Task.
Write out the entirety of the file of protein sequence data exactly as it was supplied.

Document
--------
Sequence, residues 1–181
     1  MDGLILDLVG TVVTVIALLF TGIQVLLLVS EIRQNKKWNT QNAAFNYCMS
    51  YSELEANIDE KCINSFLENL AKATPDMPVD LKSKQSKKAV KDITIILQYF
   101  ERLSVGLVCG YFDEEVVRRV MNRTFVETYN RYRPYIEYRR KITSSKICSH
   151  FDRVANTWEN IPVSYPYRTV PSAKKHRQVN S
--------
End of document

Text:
Sequence, residues 1–181
     1  MDGLILDLVG TVVTVIALLF TGIQVLLLVS EIRQNKKWNT QNAAFNYCMS
    51  YSELEANIDE KCINSFLENL AKATPDMPVD LKSKQSKKAV KDITIILQYF
   101  ERLSVGLVCG YFDEEVVRRV MNRTFVETYN RYRPYIEYRR KITSSKICSH
   151  FDRVANTWEN IPVSYPYRTV PSAKKHRQVN S